Table 2. 2002 Land Use Estimates Based on Different Definitions
Land Area (millions of acres)
Percent of All Land in the United States
Urban areas 1
Built-up land 2
Developed land 2
Urban plus rural residential 3
Sources: 1 U.S. Census Bureau. 2 USDA, National Resource Conservation Service. 3 USDA, Economic Research Service. All numbers reported in Major Uses of Land in The United States, 2002, USDA, Economic Research Service.
The alternative definition that comes closest in spirit to the Census Bureau’s urban area concept is NRCS’s urban and built-up land, which encompasses territory in residential, industrial, and commercial uses . Urban and built-up land is based on the NRI survey of land sites rather than on census blocks and captures 3.7 percent rather than 2.6 percent of the nation’s land
In general, the amount of urban and built-up land is a statistic that often goes unreported. The NCRS 2003 study, for example, does not use the statistic anywhere in its description of land uses. Instead, it reports the amount of developed land, which covers 4.7 percent of the nation’s land and includes, in addition to urban and built up areas, rural transportation land (all public and private highways, roads, railroads, and associated rights-of-way outside urban and built-up land). Given that rural transportation has little relation to housing and accounts for over 30 million of the 107 million acres in developed land, the developed land category is not as useful as the other measures in Table 2 in a discussion about residential development.
Subject to several qualifications, a relevant measure is the 154 million acres reported in the ERS study as urban plus rural residential land. The study arrives at that figure by starting with the roughly 60 million acres in urban areas and then using data from the American Housing Survey (AHS) to calculate a rural residential land estimate of 94 million acres. The rural residential estimate, in turn, is derived from lot sizes reported by AHS respondents residing in housing units located outside of urban areas. The ERS study then makes two adjustments to the total land area covered by these lots to arrive at the final figure of 94 million acres. First, to exclude cropland, it subtracts lots for which respondents report earning farm income. Second, it adds an estimate for the land occupied by multifamily units (for which the question on lot size is not asked) that is derived by multiplying the number of multifamily units in rural areas by the smallest lot size observed for a single-family lot in the AHS sample.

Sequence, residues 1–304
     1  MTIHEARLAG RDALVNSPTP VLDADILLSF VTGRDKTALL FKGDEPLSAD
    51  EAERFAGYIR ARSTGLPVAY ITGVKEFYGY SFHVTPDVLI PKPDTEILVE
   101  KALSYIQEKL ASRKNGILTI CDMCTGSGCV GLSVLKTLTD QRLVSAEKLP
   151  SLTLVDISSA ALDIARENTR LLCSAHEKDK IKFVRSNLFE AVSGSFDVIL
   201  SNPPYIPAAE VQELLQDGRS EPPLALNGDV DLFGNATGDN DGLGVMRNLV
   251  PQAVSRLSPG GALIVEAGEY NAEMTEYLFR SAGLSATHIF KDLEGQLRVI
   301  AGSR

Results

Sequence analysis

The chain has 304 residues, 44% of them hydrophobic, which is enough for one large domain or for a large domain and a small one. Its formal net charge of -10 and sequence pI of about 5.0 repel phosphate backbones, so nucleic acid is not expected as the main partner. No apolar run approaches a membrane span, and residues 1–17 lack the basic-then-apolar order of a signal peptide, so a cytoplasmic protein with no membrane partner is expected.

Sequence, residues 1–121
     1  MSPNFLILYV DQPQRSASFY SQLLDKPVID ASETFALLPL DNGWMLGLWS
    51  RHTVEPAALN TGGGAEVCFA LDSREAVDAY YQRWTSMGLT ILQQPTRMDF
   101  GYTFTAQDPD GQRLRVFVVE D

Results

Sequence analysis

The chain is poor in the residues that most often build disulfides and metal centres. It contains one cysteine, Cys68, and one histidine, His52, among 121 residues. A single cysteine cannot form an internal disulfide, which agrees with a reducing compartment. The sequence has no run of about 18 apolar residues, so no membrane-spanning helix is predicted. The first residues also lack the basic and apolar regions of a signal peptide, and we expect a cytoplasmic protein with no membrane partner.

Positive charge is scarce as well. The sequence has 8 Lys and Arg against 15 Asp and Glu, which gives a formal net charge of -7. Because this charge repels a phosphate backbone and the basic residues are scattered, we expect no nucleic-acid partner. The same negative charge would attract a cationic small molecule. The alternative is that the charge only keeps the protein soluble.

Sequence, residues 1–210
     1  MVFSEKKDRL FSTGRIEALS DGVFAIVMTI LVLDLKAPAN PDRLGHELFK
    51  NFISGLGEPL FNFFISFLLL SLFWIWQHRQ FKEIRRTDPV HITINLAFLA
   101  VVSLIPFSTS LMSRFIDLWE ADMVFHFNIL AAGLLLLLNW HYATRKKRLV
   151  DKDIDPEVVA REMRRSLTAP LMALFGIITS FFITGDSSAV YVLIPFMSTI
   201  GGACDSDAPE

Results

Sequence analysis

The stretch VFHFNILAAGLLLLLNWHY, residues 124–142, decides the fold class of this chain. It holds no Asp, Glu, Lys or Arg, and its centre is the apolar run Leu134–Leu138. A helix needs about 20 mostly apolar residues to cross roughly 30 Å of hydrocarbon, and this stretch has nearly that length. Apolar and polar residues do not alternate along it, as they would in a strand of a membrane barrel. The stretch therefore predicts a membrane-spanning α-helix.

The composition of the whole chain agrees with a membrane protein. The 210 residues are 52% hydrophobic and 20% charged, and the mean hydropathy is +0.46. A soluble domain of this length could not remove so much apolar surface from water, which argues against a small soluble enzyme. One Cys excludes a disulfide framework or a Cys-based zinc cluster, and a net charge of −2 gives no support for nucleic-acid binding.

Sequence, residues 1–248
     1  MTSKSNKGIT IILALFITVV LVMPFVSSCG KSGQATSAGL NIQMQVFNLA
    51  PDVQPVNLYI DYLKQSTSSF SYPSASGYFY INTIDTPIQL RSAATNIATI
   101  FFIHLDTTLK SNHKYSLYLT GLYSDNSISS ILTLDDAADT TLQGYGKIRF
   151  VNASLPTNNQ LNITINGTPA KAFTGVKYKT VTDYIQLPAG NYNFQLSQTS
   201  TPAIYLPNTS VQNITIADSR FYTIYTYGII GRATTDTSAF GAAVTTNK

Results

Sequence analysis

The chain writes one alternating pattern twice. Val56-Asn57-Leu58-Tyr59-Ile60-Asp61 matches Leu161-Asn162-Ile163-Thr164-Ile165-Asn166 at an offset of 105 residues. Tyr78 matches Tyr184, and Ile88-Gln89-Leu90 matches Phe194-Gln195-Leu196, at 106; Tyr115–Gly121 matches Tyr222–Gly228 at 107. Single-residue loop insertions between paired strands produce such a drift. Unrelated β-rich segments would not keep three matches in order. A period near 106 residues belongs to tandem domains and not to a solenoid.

Clearly, urban plus rural residential land represents a creative use of available data, but it is essential to remember that the U.S. Department of Housing and Urban Development and the Census Bureau conduct the AHS for purposes other than reporting on the nation’s land area. Therefore, relying on AHS data to estimate rural residential land involves some drawbacks. First, it is impossible to distinguish the AHS-based rural residential land estimate from land in any of the other categories reported in the ERS study. The ERS study speculates that rural residential land may represent some combination of areas also counted as forest, grassland, or miscellaneous, but there is no way to verify such a speculation. Second, and a point not mentioned in the ERS study, a portion of the land counted as rural residential could also be counted as urban. This seeming contradiction occurs because the area identified as urban in the AHS is based on the 1980 Census Bureau definition of urban land . Reliance on the current definition of urban land and the addition of an estimate of rural residential based on what was classified as nonurban in 1980, per the ERS study, could therefore result in double counting .The change in urban areas is relatively small, however, so the impact of any double counting on the 94 million acres of rural residential land would be minor.
As compared with urban areas, the amount of rural residential land estimated by the ERS is not only greater, but it is also growing faster (almost 30 percent between 1997 and 2002). Accordingly, any concern about expanded use of land for housing in the United States should focus on rural residential areas.
The size of the affected area and rate of growth make it worthwhile to examine the rural residential category in more detail. Using data from the most recent (2005) AHS and following the procedure used in the ERS study, we look at single-family housing units in rural areas. In addition to excluding housing units that report significant income from farming, we exclude any units that report another house sited on the lot, thereby permitting an unambiguous measure of density (housing units per acre). Rural residential lots with significant farm income account for about 8.8 million acres; rural residential lots with more than one housing unit account for about another 500,000 acres.